War of the Rebellion: Serial 108 Page 0714 Chapter LXIII. MD., E. N. C., PA., VA., EXCEPT S. W., & W. VA.

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WAR DEPARTMENT, C. S. A.

Richmond, Va., May 23, 1863.

His Excellency Z. B. VANCE,

Governor of North Carolina:

SIR: I have herefore had occason to bring to your notice documents showing the prevalence of desertion from our army on the Rappahannock, and I regret now to be obliged again to invoke your earnest attention to the accompanying copy* of a letter from General Lee, with inclosures,# which show a fearful increas of this great evis. General Lee urges upon you, as well as the Department, prompt and efficient measures to remedy the growing mischief. I have directed, from such desoltory cavalry as I can command, guards at the various ferries across the James and Appomattoz Rivers, and hall take all measures in my power to intercept and send back deserters. I feel assured you will on your part not be waiting in due exeritons to arrest the evil. A full remedy can, however, only be found in the removal of the cause, which, you will excuce me for saying, exists with peculiar force among the troops from North Carolina. That cause is, I fear, the impression very generally prevailing, and, perhaps, by designing persons disseminated among the troops from your State, that, by the decision of your highest judicial authorities, the conscript law has been held unconstitutional, and that they cannot justly or legal. Y be detained in service. They think they have only to come within the jurisdiction of your courts to be permanently exonerated from the perils and hardships of military life. In addition, there seems to prevail the opinion that if they can reach certain western counties of the State they will find no reprobation in public sentiment, but be secure of harbor and protection.

This last adds a very dangerous feature, threatening the peace and good order of your State, to the more general mishcief which follows from desertion to the move common cause. These men, going off with their arms and equipments, are but too apt tg bands in remote district, which, in the present condition of our population may place extensive district at their mercy. It is not for me to suggest to your better judgment measures of prevention or remedy; but it might be well, if your full official influence could be exercised, to restain the too ready interposition of the judicial authority in these question of miltary obligation, and that if erroneous impressions exit in regard to the true character of the decision made by the chief justice or other judges of your State, prompt measures should be addopted to publish and disseminte juster views of their opinions. A proclamation, too, from yourself making an appeal to the sober judgment and patriotic feeling, as well the soldiers in the field as of the communicaties at home whom they protect, urging the night obligaions on the former to defent their country in its greatest need, and on the latter to dicontenance and frown upon all influences which spread discouragement and discontent in our army among the conscripts, should be issued. On this latter point, however, doubt may be entertained as to the policy of exposing, by such proclamation, the seriousness of the evil cannot fail to give hope and comfort to the enemy. Your own judgment will best decide about this, and to that judgment the whole matter is referred.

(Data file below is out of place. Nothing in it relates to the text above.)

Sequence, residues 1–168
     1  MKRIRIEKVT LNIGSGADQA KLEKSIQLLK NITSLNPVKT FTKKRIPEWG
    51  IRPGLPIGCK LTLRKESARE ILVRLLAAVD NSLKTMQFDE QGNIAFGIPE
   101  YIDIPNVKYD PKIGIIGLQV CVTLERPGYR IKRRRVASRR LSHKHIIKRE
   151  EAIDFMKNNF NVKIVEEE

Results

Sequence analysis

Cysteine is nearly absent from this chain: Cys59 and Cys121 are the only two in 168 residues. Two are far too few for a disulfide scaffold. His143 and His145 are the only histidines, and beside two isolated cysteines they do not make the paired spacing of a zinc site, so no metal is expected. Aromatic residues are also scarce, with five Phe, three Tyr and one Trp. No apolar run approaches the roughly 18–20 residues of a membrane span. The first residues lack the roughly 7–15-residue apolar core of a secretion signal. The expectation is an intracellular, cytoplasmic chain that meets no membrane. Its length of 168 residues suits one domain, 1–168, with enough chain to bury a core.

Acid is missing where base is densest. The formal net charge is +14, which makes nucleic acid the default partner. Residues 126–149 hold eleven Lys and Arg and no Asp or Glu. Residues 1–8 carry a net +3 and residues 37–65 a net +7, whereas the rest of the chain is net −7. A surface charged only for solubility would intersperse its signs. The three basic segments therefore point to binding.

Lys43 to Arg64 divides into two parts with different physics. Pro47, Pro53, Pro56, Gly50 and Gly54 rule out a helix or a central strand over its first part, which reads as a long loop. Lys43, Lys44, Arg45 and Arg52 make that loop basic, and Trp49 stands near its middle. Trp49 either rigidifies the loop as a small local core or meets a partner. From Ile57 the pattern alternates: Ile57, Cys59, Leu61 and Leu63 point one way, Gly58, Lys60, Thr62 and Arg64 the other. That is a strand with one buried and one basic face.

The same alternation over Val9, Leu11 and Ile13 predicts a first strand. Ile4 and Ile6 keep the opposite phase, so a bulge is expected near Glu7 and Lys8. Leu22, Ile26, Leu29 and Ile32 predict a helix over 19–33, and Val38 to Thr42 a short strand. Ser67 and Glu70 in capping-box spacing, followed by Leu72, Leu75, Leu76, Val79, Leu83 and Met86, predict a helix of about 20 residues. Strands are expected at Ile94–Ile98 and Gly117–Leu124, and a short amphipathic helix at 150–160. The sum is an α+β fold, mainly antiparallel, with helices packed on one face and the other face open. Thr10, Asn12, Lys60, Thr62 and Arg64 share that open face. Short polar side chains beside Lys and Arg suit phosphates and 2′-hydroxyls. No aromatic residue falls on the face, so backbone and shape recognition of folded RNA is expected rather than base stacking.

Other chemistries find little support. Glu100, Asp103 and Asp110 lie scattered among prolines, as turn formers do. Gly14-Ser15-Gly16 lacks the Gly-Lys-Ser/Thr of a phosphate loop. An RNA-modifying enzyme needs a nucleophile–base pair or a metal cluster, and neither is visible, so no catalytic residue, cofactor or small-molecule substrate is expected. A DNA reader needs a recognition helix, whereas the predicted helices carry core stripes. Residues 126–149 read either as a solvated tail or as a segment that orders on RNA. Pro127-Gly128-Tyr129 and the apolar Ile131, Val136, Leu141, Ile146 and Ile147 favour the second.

Yours, with esteem,

JAMES A. SEDDON,

Secretary of War.

[18.]

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* Not found as inclosure, but see Lee to Seddon, VOL. XXV. Part II, p. 814.

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# Not found.